Articles on Fasting & Prayer Table of Contents

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Articles on Fasting & Prayer Table of Contents

Fasting for Beginners

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Sharpen Your Affections for Fasting

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Fasting: Soul Sheepherding

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How to Take a Prayer Retreat

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Fasting for Beginners Article by David Mathis David is the Pastor at Cities Church in Minneapolis/Saint Paul, and adjunct professor for Bethlehem College & Seminary. He is a husband, father of four, and author of Habits of Grace: Enjoying Jesus through the Spiritual Disciplines. Intro: Chances are you are among the massive majority of Christians who rarely or never fast. It’s not because we haven’t read our Bibles or sat under faithful preaching or heard about the power of fasting, or even that we don’t genuinely want to do it. We just never actually get around to putting down the fork. Part of it may be that we live in a society in which food is so ubiquitous that we eat not only when we don’t need to, but sometimes even when we don’t want to. We eat to share a meal with others, to build or grow relationships (good reasons), or just as a distraction from responsibility. And of course, there are our own cravings and aches for comfort that keep us from the discomfort of fasting. Not So Fast Fasting is voluntarily going without food — or any other regularly enjoyed, good gift from God — for the sake of some spiritual purpose. It is markedly counter-cultural in our consumerist society, like abstaining from sex until marriage. If we are to learn the lost art of fasting and enjoy its fruit, it will not come with our ear to the ground of society, but with Bibles open. Then, the concern will not be whether we fast, but when. Jesus assumes his followers will fast, and even promises it will happen. He doesn’t say “if,” but “when you fast” (Matthew 6:16). And he doesn’t say his followers might fast, but “they will” (Matthew 9:15). “Fasting is markedly counter-cultural in our consumerist society, like abstaining from sex until marriage.” Tweet Share on Facebook We fast in this life because we believe in the life to come. We don’t have to get it all here and now, because we have a promise that we will have it all in the coming age. We fast from what we can see and taste, because we have tasted and seen the goodness of the invisible and infinite God — and are desperately hungry for more of him. Radical, Temporary Measure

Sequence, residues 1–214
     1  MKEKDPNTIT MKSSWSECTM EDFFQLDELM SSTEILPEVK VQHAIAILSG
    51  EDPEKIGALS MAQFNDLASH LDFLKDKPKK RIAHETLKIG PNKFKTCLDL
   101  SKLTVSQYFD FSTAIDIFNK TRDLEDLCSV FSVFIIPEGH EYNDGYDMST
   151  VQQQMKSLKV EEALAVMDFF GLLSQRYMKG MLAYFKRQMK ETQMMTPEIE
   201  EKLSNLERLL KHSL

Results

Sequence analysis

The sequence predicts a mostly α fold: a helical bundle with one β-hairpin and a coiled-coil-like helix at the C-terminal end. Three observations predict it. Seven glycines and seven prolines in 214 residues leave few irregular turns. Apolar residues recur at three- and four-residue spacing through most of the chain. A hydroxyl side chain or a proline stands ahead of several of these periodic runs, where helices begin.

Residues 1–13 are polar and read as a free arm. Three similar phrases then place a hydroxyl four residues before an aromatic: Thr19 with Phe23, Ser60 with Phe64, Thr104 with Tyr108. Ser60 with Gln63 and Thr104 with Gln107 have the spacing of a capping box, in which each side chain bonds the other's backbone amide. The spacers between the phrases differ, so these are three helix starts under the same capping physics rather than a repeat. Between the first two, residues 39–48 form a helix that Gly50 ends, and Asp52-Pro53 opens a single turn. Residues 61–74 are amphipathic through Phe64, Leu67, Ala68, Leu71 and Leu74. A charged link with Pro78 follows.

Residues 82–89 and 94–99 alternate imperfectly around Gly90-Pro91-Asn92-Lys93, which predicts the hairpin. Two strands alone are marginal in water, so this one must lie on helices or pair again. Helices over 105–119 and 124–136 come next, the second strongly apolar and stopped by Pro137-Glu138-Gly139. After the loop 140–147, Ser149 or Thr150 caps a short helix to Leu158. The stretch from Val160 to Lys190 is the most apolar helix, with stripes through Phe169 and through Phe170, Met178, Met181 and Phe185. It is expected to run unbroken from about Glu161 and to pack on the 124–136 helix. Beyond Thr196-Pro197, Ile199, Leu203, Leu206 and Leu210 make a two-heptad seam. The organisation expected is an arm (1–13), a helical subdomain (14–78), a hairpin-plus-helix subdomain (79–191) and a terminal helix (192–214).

Fasting is for this world, for stretching our hearts to get fresh air beyond the pain and trouble around us. And it is for the battle against the sin and weakness inside us. We express our discontent with our sinful selves and our longing for more of Christ. When Jesus returns, fasting will be done. It’s a temporary measure, for this life and age, to enrich our joy in Jesus and prepare our hearts for the next — for seeing him face to face. When he returns, he will not call a fast, but throw a feast; then all holy abstinence will have served its glorious purpose and be seen by all for the stunning gift it was. Until then, we will fast. How to Start Fasting Fasting is hard. It sounds much easier in concept than it proves to be in practice. It can be surprising how on-edge we feel when we miss a meal. Many an idealistic new fast-er has decided to miss a meal and only found our belly drove us to make up for it long before the next mealtime came. Fasting sounds so simple, and yet the world, our flesh, and the devil conspire to introduce all sorts of complications that keep it from happening. In view of helping you start down the slow path to good fasting, here are six simple pieces of advice. These suggestions might seem pedantic, but the hope is that such basic counsel can serve those who are new at fasting or have never seriously tried it. 1. Start small. Don’t go from no fasting to attempting a weeklong. Start with one meal; maybe fast one meal a week for several weeks. Then try two meals, and work your way up to a daylong fast. Perhaps eventually try a two-day juice fast. A juice fast means abstaining from all food and beverage, except for juice and water. Allowing yourself juice provides nutrients and sugar for the body to keep you operating, while also still feeling the effects from going without solid food. It’s not recommended that you abstain from water during a fast of any length. 2. Plan what you’ll do instead of eating. Fasting isn’t merely an act of self-deprivation, but a spiritual discipline for seeking more of God’s fullness. Which means we should have a plan for what positive pursuit to undertake in the time it normally takes to eat. We spend a good portion of our day with food in front of us. One significant part of fasting is the time it creates for prayer and meditation on God’s word or some act of love for others.